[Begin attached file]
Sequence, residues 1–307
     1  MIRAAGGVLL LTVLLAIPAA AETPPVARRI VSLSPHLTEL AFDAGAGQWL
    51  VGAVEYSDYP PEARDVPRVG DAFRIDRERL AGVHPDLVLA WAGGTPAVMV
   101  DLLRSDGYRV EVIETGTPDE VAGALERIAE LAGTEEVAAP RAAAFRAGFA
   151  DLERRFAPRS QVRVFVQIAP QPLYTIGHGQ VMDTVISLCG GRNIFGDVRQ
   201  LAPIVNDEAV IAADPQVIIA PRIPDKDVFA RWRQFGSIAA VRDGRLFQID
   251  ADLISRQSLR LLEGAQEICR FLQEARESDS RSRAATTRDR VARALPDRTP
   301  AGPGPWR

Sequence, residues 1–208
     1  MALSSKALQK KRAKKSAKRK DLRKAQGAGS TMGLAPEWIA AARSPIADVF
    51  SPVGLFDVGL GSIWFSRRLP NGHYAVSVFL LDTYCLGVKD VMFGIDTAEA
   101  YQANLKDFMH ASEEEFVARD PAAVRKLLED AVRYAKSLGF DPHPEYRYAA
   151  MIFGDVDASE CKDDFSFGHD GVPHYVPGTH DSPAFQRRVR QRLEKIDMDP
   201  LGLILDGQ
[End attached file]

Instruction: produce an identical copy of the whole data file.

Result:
Sequence, residues 1–307
     1  MIRAAGGVLL LTVLLAIPAA AETPPVARRI VSLSPHLTEL AFDAGAGQWL
    51  VGAVEYSDYP PEARDVPRVG DAFRIDRERL AGVHPDLVLA WAGGTPAVMV
   101  DLLRSDGYRV EVIETGTPDE VAGALERIAE LAGTEEVAAP RAAAFRAGFA
   151  DLERRFAPRS QVRVFVQIAP QPLYTIGHGQ VMDTVISLCG GRNIFGDVRQ
   201  LAPIVNDEAV IAADPQVIIA PRIPDKDVFA RWRQFGSIAA VRDGRLFQID
   251  ADLISRQSLR LLEGAQEICR FLQEARESDS RSRAATTRDR VARALPDRTP
   301  AGPGPWR

Sequence, residues 1–208
     1  MALSSKALQK KRAKKSAKRK DLRKAQGAGS TMGLAPEWIA AARSPIADVF
    51  SPVGLFDVGL GSIWFSRRLP NGHYAVSVFL LDTYCLGVKD VMFGIDTAEA
   101  YQANLKDFMH ASEEEFVARD PAAVRKLLED AVRYAKSLGF DPHPEYRYAA
   151  MIFGDVDASE CKDDFSFGHD GVPHYVPGTH DSPAFQRRVR QRLEKIDMDP
   201  LGLILDGQ